Use the pardon power to realize Holder’s vision

Updated
United States Attorney Gen. Eric Holder speaks to the American Bar Association Annual Meeting Monday, Aug. 12, 2013, in San Francisco.
United States Attorney Gen. Eric Holder speaks to the American Bar Association Annual Meeting Monday, Aug. 12, 2013, in San Francisco.
Eric Risberg/AP

Attorney General Eric Holder gave a remarkable speech this week explaining how narcotics policy and sentencing cut to the core of the most important criminal justice issue of our time.

“As the so-called ‘war on drugs’ enters its fifth decade, we need to ask whether it, and the approaches that comprise it, have been truly effective,” he said. “With an outsized, unnecessarily large prison population, we need to ensure that incarceration is used to punish, deter, and rehabilitate—not merely to warehouse and forget.”

Holder also said, powerfully, that the disproportionately long sentences of black male offenders “isn’t just unacceptable—it is shameful.”

As Holder’s speech recognized, the Trayvon Martin case has focused President Obama on issues of race and crime. This administration clearly knows there is a problem to be solved within the federal system and the attorney general movingly described the shape and scope of the problem. Sadly though, the measures Holder announced to deal with that issue were striking in their lack of ambition or imagination. The speech did not even mention the presidential power crafted by the framers specifically for such injustices: Clemency.

There was funding for law enforcement and support for proposed legislation that has little chance to get through a Congress that can’t even deal with the sequester. Then Holder made three significant policy announcements relating to over-incarceration. In the first, he required United States attorneys to develop local guidelines for what cases should be accepted for prosecution. This is no great revelation—most offices already have such guidelines. The second change related to allowing a relatively small number of elderly inmates to receive compassionate release.

The third policy directive, which has received the most attention, changed the Justice Department’s charging policies so that some low-level defendants will be less likely to face mandatory minimum sentences in narcotics cases. While this is significant and good, it probably will not affect as many cases as some reformers hope. It still gives a lot of leeway to prosecutors and disparities will continue to exist based on their differing attitudes. More importantly, a large number of these low-level cases are subject to a statutory “safety valve” which already gives prosecutors the ability to evade mandatory minimums.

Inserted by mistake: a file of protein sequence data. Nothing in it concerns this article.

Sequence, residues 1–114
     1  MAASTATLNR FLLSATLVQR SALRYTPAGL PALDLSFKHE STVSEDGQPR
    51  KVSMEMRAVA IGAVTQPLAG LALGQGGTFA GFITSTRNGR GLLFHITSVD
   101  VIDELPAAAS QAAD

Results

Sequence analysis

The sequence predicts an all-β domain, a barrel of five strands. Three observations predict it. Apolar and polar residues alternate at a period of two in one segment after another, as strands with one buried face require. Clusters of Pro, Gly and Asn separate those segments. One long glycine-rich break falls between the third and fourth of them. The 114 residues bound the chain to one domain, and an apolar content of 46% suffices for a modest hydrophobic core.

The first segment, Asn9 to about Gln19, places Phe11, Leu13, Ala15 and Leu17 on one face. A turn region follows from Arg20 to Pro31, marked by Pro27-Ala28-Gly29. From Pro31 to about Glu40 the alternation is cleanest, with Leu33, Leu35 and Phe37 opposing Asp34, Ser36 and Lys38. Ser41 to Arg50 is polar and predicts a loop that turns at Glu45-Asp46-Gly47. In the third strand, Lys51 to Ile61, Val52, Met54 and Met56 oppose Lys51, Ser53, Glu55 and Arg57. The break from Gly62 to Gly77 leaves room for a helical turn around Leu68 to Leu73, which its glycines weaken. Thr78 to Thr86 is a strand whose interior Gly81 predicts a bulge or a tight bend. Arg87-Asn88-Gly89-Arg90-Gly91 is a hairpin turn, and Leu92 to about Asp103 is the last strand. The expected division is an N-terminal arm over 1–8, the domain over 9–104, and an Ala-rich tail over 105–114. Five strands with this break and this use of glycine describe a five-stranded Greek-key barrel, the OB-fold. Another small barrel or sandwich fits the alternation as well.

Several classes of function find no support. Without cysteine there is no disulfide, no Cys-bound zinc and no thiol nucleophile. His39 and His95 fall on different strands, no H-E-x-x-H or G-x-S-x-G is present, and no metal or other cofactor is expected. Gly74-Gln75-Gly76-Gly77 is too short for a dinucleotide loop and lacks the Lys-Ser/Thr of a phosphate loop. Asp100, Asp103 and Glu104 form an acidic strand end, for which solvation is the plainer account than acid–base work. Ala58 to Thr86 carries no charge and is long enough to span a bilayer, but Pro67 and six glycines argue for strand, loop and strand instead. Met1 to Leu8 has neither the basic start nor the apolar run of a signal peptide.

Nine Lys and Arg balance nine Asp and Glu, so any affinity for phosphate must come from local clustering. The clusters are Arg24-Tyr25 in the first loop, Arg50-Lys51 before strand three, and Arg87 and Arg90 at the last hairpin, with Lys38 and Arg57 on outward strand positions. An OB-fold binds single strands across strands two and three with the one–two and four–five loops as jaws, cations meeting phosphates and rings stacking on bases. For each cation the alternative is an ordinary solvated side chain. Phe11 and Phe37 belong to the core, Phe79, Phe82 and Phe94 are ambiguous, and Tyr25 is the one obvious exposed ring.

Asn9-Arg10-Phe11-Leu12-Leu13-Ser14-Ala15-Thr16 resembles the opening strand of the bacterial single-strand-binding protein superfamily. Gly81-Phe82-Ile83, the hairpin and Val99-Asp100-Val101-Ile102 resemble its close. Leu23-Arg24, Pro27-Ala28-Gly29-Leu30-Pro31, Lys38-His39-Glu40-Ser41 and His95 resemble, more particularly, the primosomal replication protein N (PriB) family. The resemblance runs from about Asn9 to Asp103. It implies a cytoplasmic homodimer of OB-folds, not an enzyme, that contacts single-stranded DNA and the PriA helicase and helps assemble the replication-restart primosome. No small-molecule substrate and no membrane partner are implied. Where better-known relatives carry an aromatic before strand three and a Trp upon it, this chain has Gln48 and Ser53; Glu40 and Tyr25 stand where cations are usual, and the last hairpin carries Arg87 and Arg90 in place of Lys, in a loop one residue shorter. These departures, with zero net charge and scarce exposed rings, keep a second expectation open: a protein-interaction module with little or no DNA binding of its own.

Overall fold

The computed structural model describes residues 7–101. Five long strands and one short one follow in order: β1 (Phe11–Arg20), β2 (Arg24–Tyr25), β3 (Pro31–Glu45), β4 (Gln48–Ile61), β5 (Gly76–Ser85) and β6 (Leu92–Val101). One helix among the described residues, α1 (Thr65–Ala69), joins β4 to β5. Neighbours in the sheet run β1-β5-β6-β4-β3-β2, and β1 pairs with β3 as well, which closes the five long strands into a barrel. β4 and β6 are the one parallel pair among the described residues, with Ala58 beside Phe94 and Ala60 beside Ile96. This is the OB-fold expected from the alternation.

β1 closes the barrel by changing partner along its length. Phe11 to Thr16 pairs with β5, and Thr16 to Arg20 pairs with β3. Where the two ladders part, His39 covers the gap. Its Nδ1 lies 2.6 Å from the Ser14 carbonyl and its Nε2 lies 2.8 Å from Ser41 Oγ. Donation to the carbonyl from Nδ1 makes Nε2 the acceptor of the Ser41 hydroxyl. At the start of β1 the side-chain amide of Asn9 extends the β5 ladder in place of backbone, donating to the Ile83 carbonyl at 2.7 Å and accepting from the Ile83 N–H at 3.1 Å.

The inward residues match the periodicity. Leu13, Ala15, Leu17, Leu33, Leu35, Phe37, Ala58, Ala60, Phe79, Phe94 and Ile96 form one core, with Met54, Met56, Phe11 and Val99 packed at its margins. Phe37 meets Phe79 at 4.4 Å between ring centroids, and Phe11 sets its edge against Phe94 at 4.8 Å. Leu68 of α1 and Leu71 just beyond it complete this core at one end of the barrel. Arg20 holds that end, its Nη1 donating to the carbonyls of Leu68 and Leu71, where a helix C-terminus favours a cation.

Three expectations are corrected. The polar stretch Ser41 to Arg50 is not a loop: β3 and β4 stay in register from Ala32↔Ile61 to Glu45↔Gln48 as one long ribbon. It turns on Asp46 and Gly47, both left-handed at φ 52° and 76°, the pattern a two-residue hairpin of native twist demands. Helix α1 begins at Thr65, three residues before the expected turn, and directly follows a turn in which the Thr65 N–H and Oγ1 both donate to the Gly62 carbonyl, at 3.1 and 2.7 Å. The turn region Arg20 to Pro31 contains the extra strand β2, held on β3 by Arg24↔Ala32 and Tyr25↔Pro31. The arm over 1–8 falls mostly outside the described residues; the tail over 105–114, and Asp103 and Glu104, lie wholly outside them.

These remedies address only a thimbleful out of the ocean of tragedy that misguided drug policies have created.

Hopefully, further initiatives will be announced. The first, and most obvious, would be a vigorous use of the clemency power to free those who continue to serve long federal sentences under sentencing schemes the nation has abandoned. Through Holder’s speech, the administration took credit for 2010’s Fair Sentencing Act, which reduced threshold amounts for mandatory sentences in crack cocaine cases.

Before that legislation, the thresholds were triggered by (at the lowest level) 500 grams of powder cocaine or just five grams of crack. This 100-to-1 ratio resulted in nonsensical, lengthy sentences that were reserved almost exclusively for African-American defendants. In the end, all three branches of government rejected the 100-to-1 scheme.

That rejection means little to the thousands of Americans who continue to serve long sentences under the law that contained that ratio prior to reform. The Fair Sentencing Act was not retroactive. That means that the only realistic path to fulfilling the important principle Holder articulated so well (that “we need to ensure that incarceration is used to punish, deter, and rehabilitate—not merely to warehouse and forget”) is through the president’s pardon power. If the administration really believes in this principle, the next step should be a mass commutation of those prisoners’ sentences.

This is the last, best chance for Obama to show meaningful boldness to correct this wrong. Such a large number of clemency petitions will require significant process to be established; it can’t wait until the last days of the administration.

If Holder and Obama are thinking of their legacies, the pardon power would be a good place for firm action. As it stands, this administration is the least active of any modern presidency in the use of this important presidential tool. Of thousands of commutation petitions, many from over-sentenced black defendants, this president has granted exactly one.

The use of the pardon power isn’t just a latent option for the president: It is a constitutional responsibility to use clemency in the face of injustice, just as much as it is a constitutional responsibility to use military force as commander in chief in the face of a military threat to our nation.

Given the obviousness of this injustice, and the consensus on its importance, it is time for President Obama to reach for the tool created by the framers for just such a situation. It is time for clemency.

Use the pardon power to realize Holder’s vision

Updated